Hamlet (Acciacca) contemplates their life choices during the “To be or not to be” monologue. (Photography by: Grayson Garcia) (Grayson Garcia)
Hamlet (Acciacca) contemplates their life choices during the “To be or not to be” monologue. (Photography by: Grayson Garcia)

Grayson Garcia

A Tale as Old as Time: Hamlet in the Modern Age

January 19, 2023

Ah theatre, an art as old as olive oil. No, really. The traditional, on-a-stage theatre was popularized by ancient Greek playwrights, such as Sophocles and Euripides. Since then, there have been hundreds of successful playwrights and thousands of plays produced. Every day people flock to theatres, eager to watch plays, new and old. But how do directors keep theatre from such a long time ago current? 

Kate Meschuk, now a freshman at UC San Diego, faced this exact challenge when she began to edit the script for Huntington Beach High School (HBHS) Academy of Performing Arts (APA)’s production of Shakespeare’s “Hamlet” last year.

Gertrude (Grace Cross) confronting her son Hamlet (Ella Acciacca) after the death of Polonius (Sabrina Heim) (Photography by: Grayson Garcia)

“My main challenge was making sure the script wasn’t too long, but also that it wasn’t too short,” she says. “I had to weigh my options every time I cut a scene because I wanted the show to not be four hours, but I also needed it to make sense.” 

“Hamlet” is notoriously long, and in this modern age audience’s attention spans are only growing shorter. In retaliation, dramaturgs—those who study the composition of plays and edit them—have had to cut longer pieces down. For Meschuck, this meant cutting out less important side characters, such as Fortinbras. She also changed the order of the scenes to make the show more palatable. 

Beyond length, Meschuck faced a hefty language barrier. How are audiences expected to understand Shakespeare? Shakespearean English is so old, it almost can’t be considered the same language we speak today. Surprisingly, the acting alone is often enough to convey emotions to the audience. Viewers don’t have to understand the exact meaning of the words themselves, as long as they can understand the character’s plights, problems, and loneliness. This was emphasized to her by the production’s director, Jenny McClintock.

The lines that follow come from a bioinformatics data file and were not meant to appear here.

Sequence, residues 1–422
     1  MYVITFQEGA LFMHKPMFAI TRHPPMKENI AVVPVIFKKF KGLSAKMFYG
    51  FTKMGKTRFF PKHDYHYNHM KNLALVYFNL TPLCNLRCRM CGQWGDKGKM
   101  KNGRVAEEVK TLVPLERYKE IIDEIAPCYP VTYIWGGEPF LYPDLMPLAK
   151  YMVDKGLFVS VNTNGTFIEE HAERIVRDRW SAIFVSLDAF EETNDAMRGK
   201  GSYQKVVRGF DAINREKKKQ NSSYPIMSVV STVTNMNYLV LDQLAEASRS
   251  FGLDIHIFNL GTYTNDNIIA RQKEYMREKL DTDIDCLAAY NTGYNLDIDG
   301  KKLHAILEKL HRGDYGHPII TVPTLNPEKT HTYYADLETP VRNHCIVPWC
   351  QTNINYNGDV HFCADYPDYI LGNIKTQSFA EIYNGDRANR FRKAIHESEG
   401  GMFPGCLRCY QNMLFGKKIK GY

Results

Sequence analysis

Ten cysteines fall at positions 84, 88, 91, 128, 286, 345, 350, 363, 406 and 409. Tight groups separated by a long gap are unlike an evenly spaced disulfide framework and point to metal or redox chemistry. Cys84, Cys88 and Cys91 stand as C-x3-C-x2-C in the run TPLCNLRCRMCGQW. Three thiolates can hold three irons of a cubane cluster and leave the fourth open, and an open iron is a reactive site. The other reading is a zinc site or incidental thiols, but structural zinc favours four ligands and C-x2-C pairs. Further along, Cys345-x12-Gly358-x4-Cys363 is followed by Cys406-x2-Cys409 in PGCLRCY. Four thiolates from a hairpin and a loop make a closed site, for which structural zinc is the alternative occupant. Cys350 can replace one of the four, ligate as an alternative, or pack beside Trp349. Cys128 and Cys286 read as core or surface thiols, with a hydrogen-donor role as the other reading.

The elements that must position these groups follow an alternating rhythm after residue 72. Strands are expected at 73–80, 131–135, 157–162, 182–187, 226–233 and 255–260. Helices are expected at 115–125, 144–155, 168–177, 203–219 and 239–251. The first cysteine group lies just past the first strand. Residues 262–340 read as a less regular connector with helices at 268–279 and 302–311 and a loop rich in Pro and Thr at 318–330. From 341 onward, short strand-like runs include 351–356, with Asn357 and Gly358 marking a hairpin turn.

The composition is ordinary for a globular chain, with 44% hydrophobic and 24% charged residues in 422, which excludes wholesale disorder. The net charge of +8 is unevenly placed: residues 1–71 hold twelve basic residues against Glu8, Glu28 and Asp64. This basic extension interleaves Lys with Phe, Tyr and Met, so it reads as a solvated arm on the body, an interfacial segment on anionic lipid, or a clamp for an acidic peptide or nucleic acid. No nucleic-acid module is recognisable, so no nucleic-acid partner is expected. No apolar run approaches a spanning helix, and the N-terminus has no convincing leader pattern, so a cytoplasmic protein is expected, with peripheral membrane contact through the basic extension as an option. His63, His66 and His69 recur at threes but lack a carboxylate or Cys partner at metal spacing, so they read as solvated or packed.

Hamlet (Catherine Dosier) seduces Ophelia (Cicily Thompson) (Photography by: Grayson Garcia)

Ella Acciacca, now a freshman at Cornish College of the Arts—who played the titular character of the play—says, “even my dad who is effectively deaf to ye olde English understood the production and what it stood for because everyone worked as a team to make the text and blocking feel as natural as possible.”

When preparing for the role, Acciacca discovered that “the takeaway for modern audiences was that believing so strongly in something with no respect, for other opinions divides us when we should be communicating and coming together.”  

Acciaca also says, “The mash-up of centuries gave me a natural set of armor when approaching performances.” The modern time period helped both the actors and the audience appreciate Shakespeare’s language. Without adapting it, there would have been a part of the play missing, but thanks to Meschuck, Acciacca, and McClintock’s efforts, the play became something so much more.

“Hamlet” was not the only opportunity for people to watch older works on stage at HBHS, as McClintock is directing Sophocles’ “Antigone” later this year. If you would like to see more APA entertainment, check out hbapa.org.

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